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Thomas M. Coughlin Is 2023 IEEE President-Elect

The Life Fellow is a former IEEE-USA president and Region 6 director

2 min read
A photo of a man in a dark jacket on a light background.
Harry Who Photography

IEEE Life Fellow Thomas M. Coughlin has been elected as the 2023 IEEE president-elect. He is set to begin serving as president on 1 January 2024.

Coughlin, who was nominated by the IEEE Board of Directors, received 10,908 votes in the election. Senior Member Kathleen Kramer received 10,769 votes, Life Fellow Kazuhiro Kosuge received 8,682 votes, and Senior Member Maike Luiken received 4,365 votes.


At press time, the results were unofficial until the IEEE Board of Directors accepts the IEEE Teller’s Committee report in November.

Coughlin is founder and president of Coughlin Associates, in San Jose, Calif., which provides market and technology analysis as well as data storage, memory technology, and business consulting services. He has more than 40 years of experience in the data storage industry and has been a consultant for over 20 years. He has been granted six patents.

Before starting his own company, Coughlin held senior leadership positions at Ampex, Micropolis, and SyQuest.

He is the author of Digital Storage in Consumer Electronics: The Essential Guide, which is in its second edition. He is a regular contributor on digital storage for the Forbes blog and other news outlets.

Coughlin’s Top Three Goals as President-Elect

  1. Increase IEEE’s engagement with members and enhance the value of membership for all member grades
  2. Create greater partnerships across and outside of IEEE to increase the organization’s public impact
  3. Ensure that IEEE creates a vibrant and safe environment that supports its diverse members

In 2019 he was IEEE-USA president as well as the 2015-2016 IEEE Region 6 director. He also was chair of the IEEE New Initiatives and Public Visibility committees. He was vice president of operations and planning for the IEEE Consumer Technology Society and served as general chair of the 2011 Sections Congress in San Francisco.

He is an active member of the IEEE Santa Clara Valley (Calif.) Section, which he chaired, and has been involved with several societies and standards groups, as well as the IEEE Future Directions Committee.

As a distinguished lecturer for the Consumer Technology Society and IEEE Student Activities, he has spoken on digital storage in consumer electronics, digital storage and memory for artificial intelligence, and how students can make IEEE their “professional home.”

Coughlin is a member of the IEEE–Eta Kappa Nu (IEEE-HKN) honor society.

He has received several recognitions including the 2020 IEEE Member and Geographic Activities Leadership Award.

Coughlin is active in several other professional organizations including the Society of Motion Picture and Television Engineers and the Storage Networking Industry Association.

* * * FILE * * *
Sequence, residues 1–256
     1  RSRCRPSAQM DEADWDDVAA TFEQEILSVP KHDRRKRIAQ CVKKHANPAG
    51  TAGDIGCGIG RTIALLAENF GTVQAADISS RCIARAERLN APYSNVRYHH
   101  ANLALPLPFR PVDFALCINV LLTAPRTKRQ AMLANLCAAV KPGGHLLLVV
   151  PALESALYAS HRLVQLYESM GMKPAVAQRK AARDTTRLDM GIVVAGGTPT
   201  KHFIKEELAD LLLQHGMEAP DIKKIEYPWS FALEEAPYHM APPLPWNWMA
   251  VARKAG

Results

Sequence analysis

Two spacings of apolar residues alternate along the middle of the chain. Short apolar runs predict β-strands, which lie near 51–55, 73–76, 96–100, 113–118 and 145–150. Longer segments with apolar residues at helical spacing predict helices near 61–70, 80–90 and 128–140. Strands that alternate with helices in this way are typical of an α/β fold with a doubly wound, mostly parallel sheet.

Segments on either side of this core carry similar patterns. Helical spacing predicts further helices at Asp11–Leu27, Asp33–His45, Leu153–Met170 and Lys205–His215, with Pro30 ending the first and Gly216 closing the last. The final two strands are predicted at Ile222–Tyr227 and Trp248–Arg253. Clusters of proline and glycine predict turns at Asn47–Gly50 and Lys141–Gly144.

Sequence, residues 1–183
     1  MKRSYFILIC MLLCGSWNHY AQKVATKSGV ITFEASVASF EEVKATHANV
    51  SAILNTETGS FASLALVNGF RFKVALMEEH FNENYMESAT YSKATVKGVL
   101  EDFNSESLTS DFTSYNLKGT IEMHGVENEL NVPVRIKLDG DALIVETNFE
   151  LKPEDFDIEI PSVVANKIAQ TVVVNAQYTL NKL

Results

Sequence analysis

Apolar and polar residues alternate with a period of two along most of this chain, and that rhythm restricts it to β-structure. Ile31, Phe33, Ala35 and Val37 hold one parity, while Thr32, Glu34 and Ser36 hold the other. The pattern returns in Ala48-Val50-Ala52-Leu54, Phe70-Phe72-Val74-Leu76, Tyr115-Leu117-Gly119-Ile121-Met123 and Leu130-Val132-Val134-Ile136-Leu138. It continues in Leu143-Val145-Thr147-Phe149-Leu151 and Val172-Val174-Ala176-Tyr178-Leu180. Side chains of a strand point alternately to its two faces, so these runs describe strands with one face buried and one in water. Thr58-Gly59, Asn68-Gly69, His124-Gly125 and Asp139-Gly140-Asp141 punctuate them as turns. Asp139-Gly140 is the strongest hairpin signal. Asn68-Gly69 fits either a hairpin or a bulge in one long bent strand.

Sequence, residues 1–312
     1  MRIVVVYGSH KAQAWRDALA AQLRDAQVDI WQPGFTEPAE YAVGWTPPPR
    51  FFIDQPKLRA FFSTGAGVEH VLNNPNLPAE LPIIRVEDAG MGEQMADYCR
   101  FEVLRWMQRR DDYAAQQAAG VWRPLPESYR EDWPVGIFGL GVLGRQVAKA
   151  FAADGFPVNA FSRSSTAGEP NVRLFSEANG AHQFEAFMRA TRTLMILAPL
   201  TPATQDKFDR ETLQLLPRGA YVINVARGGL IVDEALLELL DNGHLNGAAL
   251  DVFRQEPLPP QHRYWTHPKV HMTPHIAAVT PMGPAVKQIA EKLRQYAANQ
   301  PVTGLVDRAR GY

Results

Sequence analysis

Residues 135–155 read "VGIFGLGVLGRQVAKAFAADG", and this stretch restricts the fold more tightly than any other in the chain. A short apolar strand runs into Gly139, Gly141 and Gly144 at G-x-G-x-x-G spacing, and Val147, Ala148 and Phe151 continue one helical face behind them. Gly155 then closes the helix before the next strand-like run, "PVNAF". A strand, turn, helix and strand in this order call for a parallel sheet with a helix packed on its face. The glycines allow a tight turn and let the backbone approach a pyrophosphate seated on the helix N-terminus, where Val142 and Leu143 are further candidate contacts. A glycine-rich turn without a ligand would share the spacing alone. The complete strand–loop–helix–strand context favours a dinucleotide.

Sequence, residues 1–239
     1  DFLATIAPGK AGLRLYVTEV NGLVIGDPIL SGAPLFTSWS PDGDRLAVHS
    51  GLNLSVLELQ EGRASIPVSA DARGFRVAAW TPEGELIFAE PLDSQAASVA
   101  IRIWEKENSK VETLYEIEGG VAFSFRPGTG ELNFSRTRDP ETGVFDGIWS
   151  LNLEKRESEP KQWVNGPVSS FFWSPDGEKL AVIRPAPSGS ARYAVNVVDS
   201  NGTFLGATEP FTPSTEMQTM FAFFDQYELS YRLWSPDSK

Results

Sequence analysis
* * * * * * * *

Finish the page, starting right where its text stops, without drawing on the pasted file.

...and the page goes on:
To find out who was chosen as IEEE-USA president-elect, IEEE Technical Activities vice president-elect, IEEE Standards Association Board of Governors members-at-large, and more, read the full annual election results.

This article appears in the December 2022 print issue.

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Economics Drives Ray-Gun Resurgence

Laser weapons, cheaper by the shot, should work well against drones and cruise missiles

4 min read
In an artist’s rendering, a truck is shown with five sets of wheels—two sets for the cab, the rest for the trailer—and a box on the top of the trailer, from which a red ray is projected on an angle, upward, ending in the silhouette of an airplane, which is being destroyed

Lockheed Martin's laser packs up to 300 kilowatts—enough to fry a drone or a plane.

Lockheed Martin

The technical challenge of missile defense has been compared with that of hitting a bullet with a bullet. Then there is the still tougher economic challenge of using an expensive interceptor to kill a cheaper target—like hitting a lead bullet with a golden one.

Maybe trouble and money could be saved by shooting down such targets with a laser. Once the system was designed, built, and paid for, the cost per shot would be low. Such considerations led planners at the Pentagon to seek a solution from Lockheed Martin, which has just delivered a 300-kilowatt laser to the U.S. Army. The new weapon combines the output of a large bundle of fiber lasers of varying frequencies to form a single beam of white light. This laser has been undergoing tests in the lab, and it should see its first field trials sometime in 2023. General Atomics, a military contractor in San Diego, is also developing a laser of this power for the Army based on what’s known as the distributed-gain design, which has a single aperture.

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